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Crude Oil Producers’ Role in Global Oversupply: Will It Continue?

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Crude oil producers 

The key crude oil producers that contributed to the global crude oil oversupply were the US, Iraq, Saudi Arabia, Brazil, and Canada. The US crude oil production rose by 700,000 bpd (barrels per day) to 9.4 MMbpd (million barrels per day) in 2015—compared to 2014. Read Is $40 the New $70 for Shale Crude Oil Producers? to learn more about US crude oil production. Iraq’s crude oil production, along with liquid fuels, rose by 700,000 bpd to 4 MMbpd in 2015—compared to 2014. Iraq is OPEC’s (Organization of the Petroleum Exporting Countries) second-largest crude oil producer. Iraq’s oil consumption fell marginally in 2015. This also contributed to oversupply in 2015. As a result, all of the crude oil production increase was exported to international markets.

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Saudi Arabia, Brazil, and Canada’s crude oil production 

Saudi Arabia’s crude oil production rose by 300,000 bpd in 2015. To learn more about Saudi Arabia’s production, read Did Saudi Arabia Keep Its Word and Freeze Crude Oil Production? and Why OPEC’s Crude Oil Production Fell in February 2016. Likewise, Brazil and Canada’s crude oil production rose by 200,000 bpd and 100,000 bpd in 2015, respectively. The rise in production growth of crude oil in the oversupplied market led to the collateral damage of crude oil prices.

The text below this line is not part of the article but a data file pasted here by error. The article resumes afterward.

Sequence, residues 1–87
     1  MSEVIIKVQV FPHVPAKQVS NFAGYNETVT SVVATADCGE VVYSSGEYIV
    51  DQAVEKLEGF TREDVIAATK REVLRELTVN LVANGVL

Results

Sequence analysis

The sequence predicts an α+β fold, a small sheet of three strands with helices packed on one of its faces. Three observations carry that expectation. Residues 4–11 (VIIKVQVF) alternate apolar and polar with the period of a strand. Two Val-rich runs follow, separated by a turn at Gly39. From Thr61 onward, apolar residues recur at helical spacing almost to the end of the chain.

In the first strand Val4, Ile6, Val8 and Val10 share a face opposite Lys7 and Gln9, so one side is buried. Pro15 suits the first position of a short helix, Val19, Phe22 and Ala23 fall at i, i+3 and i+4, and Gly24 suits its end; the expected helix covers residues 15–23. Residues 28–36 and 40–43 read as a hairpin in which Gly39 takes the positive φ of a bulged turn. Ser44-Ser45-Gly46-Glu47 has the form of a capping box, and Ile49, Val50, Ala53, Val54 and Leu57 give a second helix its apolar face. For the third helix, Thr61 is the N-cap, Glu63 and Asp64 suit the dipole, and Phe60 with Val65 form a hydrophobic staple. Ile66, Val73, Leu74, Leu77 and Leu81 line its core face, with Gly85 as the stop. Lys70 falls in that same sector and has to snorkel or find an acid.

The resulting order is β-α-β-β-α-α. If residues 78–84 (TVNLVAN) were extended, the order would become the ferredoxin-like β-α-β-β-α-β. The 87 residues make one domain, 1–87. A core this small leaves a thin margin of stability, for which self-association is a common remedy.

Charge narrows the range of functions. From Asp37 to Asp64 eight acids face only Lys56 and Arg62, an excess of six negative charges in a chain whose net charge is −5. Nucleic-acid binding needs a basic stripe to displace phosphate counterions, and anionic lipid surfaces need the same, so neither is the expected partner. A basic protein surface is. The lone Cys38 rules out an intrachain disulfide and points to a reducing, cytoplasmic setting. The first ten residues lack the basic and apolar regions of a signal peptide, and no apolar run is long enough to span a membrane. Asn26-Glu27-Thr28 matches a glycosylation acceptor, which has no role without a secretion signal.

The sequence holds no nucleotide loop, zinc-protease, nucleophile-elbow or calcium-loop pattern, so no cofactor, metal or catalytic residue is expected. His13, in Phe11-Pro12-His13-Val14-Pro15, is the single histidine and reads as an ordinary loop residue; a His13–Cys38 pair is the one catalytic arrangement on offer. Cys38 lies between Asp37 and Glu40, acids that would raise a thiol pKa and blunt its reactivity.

The higher break-even costs and production costs from US and Canada’s shale oil producers will see oil production fall in 2016 and 2017. For more information on US energy companies’ financial woes, read US Oil and Gas Companies’ Debt Exceeds $200 Billion and Crude Oil’s Total Cost of Production Impacts Major Oil Producers. Political uncertainty, corruption, and lower oil prices will lead to a decline in Brazilian oil production. To learn about the historic deal, read Why Crude Oil Prices Fell despite the OPEC and Non-OPEC Deal. It will see Saudi Arabia and Iraq freeze crude oil production at January 2016 levels. So, we could see crude oil production decline in the coming years. In the next part of this series, we’ll discuss how Iran will play the crude oil market.

The 12-year low crude oil prices impact the margins of national and international oil producers like Chevron (CVX), ExxonMobil (XOM), Royal Dutch Shell (RDS.A), Saudi Aramco, Total (TOT), Petrobras (PBR), PetroChina (PTR), and BP (BP). In contrast, the low prices benefit oil refiners like Valero Energy (VLO) and Northern Tier Energy (NTI).

ETFs and ETNs such as the iShares Global Energy ETF (IXC), the VanEck Vectors Oil Refiners ETF (CRAK), the United States Oil Fund (USO), the VelocityShares 3x Inverse Crude Oil ETN (DWTI), the Vanguard Energy ETF (VDE), and the iShares U.S. Energy ETF (IYE) are also influenced by the ups and downs in oil prices.

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